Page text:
Sunday, February 28, 2010

The Recipe for Truly Simple Homemade Bread

I have to laugh that I am trying out baking bread. As a child, my mom baked bread. I don’t remember specifics about the bread, but I do remember jealousy at lunch time when my friends would whip out Ding Dongs and fluffer nutter sandwiches (on perfect, crust less white bread). And here I am baking bread for my children. Hmmm. But neither child is complaining. Yet.

Anyway, for those of you who would like to whip up a quick, healthy loaf for your family, as promised, here is Mark Bittman’s recipe. I personally thought the loaf I made last week with sunflower seeds (which we then smothered in veggie cream cheese) was best. But the kids happily snacked on this loaf all day yesterday. This go round, we added ½ cup of pecans and ½ cup of dried cranberries.

Almost No-Work Whole Grain Bread
Recipe from
Food Matters by Mark Bittman (pages 156-7)
Makes 1 hearty loaf

3 cups whole wheat flour
½ teaspoon instant yeast
2 teaspoons salt
2 tablespoons olive or vegetable oil
Optional: up to 1 cup chopped nuts, seeds, dried fruit or proofed whole grains

Combine the flour, yeast and salt in a mixing bowl. Add 1 ½ cups warm water and stir until blended. Cover the bowl with plastic wrap and let it rest in a warm place for at least 12 hours. The dough is ready when it is dotted with bubbles.

Use some of the oil to grease the loaf pan. If you are adding nuts, raisins, cranberries, etc, fold them into the dough with your hands. Transfer the dough to the loaf pan, and let it settle in evenly. Cover with a moist towel and let it rise until doubled, an hour or so. When it is almost ready, preheat the oven to 350.

Bake the bread about 45 minutes, or until deep golden in color and it sounds hollow when you tap it. (If you have an instant read thermometer, usually kicking around since Thanksgiving, it should read 200 degrees when inserted into the center of the loaf.) Turn it out of the baking pan and let it cool before slicing.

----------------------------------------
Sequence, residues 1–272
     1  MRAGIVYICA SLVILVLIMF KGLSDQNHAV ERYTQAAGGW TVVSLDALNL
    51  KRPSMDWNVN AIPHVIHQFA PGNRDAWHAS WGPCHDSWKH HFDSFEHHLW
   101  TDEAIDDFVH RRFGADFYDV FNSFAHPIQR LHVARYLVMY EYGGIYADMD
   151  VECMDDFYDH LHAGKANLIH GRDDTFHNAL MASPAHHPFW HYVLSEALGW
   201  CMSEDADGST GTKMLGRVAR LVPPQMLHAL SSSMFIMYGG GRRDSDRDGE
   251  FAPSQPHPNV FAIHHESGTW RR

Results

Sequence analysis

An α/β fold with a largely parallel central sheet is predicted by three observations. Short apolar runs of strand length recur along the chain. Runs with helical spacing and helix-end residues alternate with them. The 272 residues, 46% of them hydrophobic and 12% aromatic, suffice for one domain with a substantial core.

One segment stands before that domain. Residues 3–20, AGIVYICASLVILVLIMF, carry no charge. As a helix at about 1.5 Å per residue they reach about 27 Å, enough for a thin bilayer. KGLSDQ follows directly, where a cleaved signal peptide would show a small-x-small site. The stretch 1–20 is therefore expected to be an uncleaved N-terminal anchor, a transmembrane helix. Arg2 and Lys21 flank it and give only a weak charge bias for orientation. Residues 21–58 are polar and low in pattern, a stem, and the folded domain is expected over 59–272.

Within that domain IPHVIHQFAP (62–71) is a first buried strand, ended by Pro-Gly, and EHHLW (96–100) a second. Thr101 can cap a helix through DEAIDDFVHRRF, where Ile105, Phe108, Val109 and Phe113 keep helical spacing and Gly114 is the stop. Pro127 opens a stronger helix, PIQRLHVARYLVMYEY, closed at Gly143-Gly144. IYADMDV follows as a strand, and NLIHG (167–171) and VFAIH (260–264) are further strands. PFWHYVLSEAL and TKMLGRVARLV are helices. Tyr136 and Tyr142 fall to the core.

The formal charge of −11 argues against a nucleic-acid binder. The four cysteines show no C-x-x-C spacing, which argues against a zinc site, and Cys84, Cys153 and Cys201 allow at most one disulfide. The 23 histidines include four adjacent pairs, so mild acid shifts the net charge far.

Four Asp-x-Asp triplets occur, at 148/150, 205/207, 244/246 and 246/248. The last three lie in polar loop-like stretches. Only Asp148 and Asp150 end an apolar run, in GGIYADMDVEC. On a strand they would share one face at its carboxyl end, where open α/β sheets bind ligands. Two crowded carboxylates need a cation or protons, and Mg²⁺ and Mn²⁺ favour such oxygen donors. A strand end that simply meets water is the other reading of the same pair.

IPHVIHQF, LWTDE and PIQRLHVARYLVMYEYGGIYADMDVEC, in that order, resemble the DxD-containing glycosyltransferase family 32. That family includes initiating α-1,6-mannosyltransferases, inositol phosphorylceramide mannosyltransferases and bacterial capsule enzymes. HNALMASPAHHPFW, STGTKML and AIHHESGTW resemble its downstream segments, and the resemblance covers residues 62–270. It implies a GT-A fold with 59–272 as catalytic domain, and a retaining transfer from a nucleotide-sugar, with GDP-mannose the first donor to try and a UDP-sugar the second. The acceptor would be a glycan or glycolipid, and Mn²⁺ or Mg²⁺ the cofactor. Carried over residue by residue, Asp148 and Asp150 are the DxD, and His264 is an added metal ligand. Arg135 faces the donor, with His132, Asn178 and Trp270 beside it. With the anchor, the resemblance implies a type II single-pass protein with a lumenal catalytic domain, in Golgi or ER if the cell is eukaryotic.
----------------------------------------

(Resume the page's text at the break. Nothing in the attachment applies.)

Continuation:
Here are photos of the bread recipe in action for those who find them helpful:

The photo at the top of this post shows the bread the morning after, when it has risen. Hopefully the photo is clear enough that you can see it's more airy and there are tiny little bubbles dotting the top, compared to the dough I prepared the night before. So ideally, that's what you should wake up to. Then I simply tossed in 1/2 cup of pecans and 1/2 cup of dried cranberries;

and (lightly) kneaded them into the dough with my hands, until the pecans and cranberries were incorporated.

Next, I popped the dough into a lightly oiled loaf pan. You'll see that the dough didn't fill the pan, so I just centered it as best I could by shaking the pan a bit.

When I left the dough out to rise for the night, I just left it on the kitchen counter in the bowl covered with Saran wrap, as the recipe says to do. But, our home is really old, and really drafty, so the warmest place to do the second rise is in the oven. (This also guarantees that the second rising would only take an hour, since I knew the space would be warm and condusive to rising.) To do this, I turned our oven onto 200, let the heating process start, then turned the oven off after a couple of minutes. I didn't want the oven hot, just warm. Then I put the loaf into this warm oven and closed the door for the hour. As you'll see above, I also wanted the space to be slightly moist, so I covered the loaf with a damp (ran it under warm water then rung it out) kitchen towel.

And here's what the loaf looked like after rising for 1 hour in the warm oven, covered in the damp towel. Nice!

So, then it was ready to go into our second oven, which I had preheated to 350.

And here it is after baking for 45 minutes. Hollow sound when I tapped the top. Couldn't find our kitchen thermometer, so had to assume it was ready to come out. Bittman's recipe says to turn it out of the pan right away, then let it cool before slicing.

Here it is, ready to offer up as a snack on a snowy filled day!

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